Empathy, gender, and training as factors in the identification of cry-signal patterns of infants

UNCG Author/Contributor (non-UNCG co-authors, if there are any, appear on document)
Samuel T. Gladding (Creator)
The University of North Carolina at Greensboro (UNCG )
Web Site: http://library.uncg.edu/
Mary Elizabeth Keister

Abstract: Infant/caregiver attachment is a developmental process that depends on the caregiver's ability to recognize and correctly respond to the needs of an infant. One of the primary ways an infant expresses needs is through its cry-signal. Wasz-Hockert et al. (1964a) have identified four infant cry-signals (birth, hunger, pain, and pleasure). They have constructed a checklist method for scoring the responses of adults to these cry-signals, plus an overall cry-signal (the total score of the four cry-signals), Wasz-Hockert et al. (1964a, 1964b) found that experienced males and females could recognize cry-signals more accurately than their inexperienced counterparts. However, these studies did not consider the subject's background apart from experience in child care. The present study was an effort to determine how various factors, namely empathy, gender and training, affect a person's ability to correctly identify cry-signals.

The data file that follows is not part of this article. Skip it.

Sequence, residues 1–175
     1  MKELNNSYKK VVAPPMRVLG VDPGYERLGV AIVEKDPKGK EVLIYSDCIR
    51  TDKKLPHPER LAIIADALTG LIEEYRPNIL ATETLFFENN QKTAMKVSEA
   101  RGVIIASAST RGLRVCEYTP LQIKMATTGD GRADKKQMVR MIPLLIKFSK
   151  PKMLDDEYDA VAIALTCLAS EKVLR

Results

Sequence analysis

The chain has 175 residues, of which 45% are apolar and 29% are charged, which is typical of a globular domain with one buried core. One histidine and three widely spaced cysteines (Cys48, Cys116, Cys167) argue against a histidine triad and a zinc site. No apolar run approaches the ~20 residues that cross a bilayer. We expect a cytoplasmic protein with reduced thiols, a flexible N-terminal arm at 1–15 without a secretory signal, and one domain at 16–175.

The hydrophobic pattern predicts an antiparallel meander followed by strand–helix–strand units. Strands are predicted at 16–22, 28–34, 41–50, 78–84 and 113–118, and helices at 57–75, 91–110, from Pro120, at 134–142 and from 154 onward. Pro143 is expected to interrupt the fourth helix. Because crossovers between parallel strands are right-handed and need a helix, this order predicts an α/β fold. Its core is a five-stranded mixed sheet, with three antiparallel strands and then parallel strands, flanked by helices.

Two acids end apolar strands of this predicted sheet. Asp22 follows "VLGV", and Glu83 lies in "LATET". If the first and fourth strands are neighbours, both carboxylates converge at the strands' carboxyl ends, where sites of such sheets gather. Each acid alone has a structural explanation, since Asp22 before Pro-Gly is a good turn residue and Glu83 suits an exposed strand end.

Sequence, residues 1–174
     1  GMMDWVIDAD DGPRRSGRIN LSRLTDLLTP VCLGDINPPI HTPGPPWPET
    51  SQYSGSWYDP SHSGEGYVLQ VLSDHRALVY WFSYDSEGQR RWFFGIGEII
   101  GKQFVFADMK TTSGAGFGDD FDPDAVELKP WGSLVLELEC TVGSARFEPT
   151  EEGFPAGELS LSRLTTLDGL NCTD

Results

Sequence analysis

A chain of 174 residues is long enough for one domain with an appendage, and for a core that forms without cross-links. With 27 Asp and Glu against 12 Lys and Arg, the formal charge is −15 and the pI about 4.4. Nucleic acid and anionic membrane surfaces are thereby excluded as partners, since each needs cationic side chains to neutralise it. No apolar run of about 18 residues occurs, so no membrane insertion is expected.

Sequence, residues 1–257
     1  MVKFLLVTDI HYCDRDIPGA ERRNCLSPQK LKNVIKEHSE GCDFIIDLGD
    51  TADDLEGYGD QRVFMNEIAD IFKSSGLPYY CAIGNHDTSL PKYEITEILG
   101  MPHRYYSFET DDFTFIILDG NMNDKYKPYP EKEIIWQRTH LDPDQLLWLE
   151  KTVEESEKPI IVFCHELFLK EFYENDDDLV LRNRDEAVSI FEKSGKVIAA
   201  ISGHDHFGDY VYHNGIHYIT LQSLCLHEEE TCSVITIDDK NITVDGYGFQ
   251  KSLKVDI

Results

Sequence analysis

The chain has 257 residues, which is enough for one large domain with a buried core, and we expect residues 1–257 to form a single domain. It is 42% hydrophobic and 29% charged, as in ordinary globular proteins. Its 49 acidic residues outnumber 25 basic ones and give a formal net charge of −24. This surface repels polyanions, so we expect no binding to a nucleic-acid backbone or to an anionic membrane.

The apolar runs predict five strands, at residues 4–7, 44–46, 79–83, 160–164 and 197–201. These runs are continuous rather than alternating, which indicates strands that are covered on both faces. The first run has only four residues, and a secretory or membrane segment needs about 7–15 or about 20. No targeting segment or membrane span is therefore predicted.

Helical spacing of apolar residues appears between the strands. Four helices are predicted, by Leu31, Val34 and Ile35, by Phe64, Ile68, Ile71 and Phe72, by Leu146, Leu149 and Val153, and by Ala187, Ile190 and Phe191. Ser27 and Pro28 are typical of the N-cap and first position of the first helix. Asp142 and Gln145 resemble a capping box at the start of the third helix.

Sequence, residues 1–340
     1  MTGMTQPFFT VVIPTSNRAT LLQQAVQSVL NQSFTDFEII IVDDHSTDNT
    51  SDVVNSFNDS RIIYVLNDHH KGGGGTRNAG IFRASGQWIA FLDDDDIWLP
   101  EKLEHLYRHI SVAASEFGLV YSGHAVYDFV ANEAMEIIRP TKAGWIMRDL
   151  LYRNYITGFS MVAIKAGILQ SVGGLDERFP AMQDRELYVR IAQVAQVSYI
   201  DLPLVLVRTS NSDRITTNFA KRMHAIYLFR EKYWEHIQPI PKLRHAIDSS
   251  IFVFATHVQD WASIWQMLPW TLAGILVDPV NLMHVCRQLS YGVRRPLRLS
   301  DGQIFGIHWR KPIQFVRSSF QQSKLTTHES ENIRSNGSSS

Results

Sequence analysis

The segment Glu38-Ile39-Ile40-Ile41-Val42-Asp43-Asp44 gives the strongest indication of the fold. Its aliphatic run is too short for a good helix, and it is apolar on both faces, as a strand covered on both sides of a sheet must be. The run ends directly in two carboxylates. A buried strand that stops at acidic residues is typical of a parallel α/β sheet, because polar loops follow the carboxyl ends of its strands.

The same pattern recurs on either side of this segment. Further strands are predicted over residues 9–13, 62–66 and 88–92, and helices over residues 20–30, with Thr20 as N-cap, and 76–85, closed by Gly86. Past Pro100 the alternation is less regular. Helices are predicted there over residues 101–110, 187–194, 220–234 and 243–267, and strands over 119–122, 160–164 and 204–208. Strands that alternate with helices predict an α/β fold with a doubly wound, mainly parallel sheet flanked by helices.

Additional Information

Language: English
Date: 1977
Infants $x Care
Child care workers $x Training of
Crying in infants

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